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prō-consul (also separately, prō consŭle ; v. pro, II. B. 2.; and abbreviated, procos.), is, m.
I. One who at the close of his consulship in Rome became governor of a province, or military commander under a governor; a proconsul, Cic. Div. 2, 36, 76: Domitium proconsulem arcessivit, Sall. Fragm. ap. Prisc. p. 902 P.: “agendas pro praetoribus, prove consulibus grates,Tac. A. 15, 22: “L. Manilius Procos.,Caes. B. G. 3, 20.—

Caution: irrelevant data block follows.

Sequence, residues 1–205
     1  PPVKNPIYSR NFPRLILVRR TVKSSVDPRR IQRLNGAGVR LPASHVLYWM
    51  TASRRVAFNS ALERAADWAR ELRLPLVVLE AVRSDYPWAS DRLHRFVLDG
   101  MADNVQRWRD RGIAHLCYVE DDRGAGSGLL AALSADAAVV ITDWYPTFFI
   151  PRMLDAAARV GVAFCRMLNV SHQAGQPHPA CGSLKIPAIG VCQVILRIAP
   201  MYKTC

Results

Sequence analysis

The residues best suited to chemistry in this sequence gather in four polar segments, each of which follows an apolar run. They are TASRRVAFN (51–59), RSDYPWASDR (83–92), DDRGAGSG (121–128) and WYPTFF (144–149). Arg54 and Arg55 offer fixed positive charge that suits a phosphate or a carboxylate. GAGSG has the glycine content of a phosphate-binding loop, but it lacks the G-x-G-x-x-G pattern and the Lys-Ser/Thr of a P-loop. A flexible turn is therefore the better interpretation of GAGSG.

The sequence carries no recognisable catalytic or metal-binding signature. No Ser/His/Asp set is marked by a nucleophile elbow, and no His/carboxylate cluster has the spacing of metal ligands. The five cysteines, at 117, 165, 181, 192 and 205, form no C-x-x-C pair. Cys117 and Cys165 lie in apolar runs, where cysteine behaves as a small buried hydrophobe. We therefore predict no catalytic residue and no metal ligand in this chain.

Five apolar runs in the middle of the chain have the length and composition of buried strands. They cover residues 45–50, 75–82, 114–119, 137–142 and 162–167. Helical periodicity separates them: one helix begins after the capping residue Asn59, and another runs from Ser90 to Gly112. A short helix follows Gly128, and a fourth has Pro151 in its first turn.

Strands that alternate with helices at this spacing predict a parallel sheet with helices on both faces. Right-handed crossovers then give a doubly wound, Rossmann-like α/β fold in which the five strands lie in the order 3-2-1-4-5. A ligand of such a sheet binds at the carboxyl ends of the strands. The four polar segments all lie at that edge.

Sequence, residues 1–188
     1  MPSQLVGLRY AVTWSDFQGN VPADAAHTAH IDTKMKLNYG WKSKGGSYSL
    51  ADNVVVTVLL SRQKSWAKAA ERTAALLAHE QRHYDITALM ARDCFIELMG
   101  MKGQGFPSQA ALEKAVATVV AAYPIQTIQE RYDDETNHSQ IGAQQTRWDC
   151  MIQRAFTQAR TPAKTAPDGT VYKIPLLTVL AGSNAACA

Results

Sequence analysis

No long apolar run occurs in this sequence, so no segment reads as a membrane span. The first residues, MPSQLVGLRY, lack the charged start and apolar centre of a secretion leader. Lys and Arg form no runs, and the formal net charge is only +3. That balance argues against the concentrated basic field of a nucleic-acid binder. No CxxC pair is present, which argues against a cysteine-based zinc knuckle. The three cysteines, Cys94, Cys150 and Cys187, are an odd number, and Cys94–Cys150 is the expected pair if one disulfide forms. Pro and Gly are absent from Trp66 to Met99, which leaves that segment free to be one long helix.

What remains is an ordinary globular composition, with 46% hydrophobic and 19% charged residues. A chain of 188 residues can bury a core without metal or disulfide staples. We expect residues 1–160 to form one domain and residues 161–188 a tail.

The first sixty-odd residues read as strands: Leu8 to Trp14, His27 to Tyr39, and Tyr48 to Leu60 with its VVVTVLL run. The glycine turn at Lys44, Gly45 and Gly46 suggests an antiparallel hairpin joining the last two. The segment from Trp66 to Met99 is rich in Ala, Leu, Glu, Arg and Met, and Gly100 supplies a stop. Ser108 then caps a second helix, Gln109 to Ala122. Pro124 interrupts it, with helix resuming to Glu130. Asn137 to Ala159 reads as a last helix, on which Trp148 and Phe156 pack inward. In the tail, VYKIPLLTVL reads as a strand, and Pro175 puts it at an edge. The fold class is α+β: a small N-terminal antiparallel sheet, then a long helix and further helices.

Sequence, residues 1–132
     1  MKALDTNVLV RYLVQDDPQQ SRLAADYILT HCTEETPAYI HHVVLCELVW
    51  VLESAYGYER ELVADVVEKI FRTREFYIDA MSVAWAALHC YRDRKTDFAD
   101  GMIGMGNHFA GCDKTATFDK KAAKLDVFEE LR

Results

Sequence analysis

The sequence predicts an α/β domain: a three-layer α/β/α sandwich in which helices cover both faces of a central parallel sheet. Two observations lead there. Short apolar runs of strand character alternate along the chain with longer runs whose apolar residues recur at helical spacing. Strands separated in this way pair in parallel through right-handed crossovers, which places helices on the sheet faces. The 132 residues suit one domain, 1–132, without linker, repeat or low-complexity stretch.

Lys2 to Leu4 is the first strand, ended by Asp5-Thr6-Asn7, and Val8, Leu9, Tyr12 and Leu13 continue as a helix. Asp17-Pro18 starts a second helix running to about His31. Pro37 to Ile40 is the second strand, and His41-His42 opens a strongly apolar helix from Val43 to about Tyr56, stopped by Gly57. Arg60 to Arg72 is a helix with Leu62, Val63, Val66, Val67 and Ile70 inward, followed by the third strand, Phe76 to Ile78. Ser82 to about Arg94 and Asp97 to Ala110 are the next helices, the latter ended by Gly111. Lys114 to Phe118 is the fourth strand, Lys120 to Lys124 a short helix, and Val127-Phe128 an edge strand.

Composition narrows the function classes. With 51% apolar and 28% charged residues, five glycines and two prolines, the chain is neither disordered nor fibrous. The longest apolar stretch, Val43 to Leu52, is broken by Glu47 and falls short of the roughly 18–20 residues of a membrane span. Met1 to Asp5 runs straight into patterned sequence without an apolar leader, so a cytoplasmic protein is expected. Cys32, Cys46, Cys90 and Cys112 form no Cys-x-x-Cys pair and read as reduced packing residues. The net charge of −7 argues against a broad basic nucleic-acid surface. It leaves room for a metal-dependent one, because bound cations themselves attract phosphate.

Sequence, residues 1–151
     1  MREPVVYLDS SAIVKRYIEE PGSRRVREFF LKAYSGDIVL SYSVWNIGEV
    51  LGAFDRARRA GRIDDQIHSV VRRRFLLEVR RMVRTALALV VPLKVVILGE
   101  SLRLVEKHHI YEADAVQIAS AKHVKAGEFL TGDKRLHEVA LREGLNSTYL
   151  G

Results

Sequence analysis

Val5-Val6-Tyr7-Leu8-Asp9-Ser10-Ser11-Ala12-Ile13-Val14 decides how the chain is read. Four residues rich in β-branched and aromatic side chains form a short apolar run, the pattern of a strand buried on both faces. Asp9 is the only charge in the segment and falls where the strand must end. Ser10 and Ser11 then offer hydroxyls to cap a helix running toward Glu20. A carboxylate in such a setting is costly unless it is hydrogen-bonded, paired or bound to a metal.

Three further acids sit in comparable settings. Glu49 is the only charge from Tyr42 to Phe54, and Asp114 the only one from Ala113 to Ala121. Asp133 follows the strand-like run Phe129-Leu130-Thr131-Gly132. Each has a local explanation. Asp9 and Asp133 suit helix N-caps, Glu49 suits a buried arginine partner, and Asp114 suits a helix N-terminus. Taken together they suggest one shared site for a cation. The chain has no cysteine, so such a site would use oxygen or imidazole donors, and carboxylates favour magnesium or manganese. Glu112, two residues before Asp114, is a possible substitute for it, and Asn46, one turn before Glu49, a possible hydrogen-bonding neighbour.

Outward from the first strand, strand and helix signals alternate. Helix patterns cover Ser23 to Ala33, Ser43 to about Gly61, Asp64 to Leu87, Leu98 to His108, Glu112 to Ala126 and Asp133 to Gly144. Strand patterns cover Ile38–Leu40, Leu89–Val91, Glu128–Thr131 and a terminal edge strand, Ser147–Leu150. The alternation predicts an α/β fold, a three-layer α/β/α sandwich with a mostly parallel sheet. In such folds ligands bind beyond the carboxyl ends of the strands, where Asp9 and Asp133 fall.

B. Transf., of an ex-prœtor made governor of a province: “(Gellius) cum pro consule ex praeturā in Graeciam venisset,Cic. Leg. 1, 20, 53; Liv. 37, 46.—
2. = propraetor, Liv. 39, 29, 4 Weissenb. ad loc.; 33, 25, 9; 35, 22, 6 al.—
II. Under the emperors, who shared the provinces with the Senate, a governor in one of the provinces of the Senate, Suet. Aug. 47; Gai. Inst. 4, 139.—
B. Of municipal officers, Vulg. Act. 19, 38.
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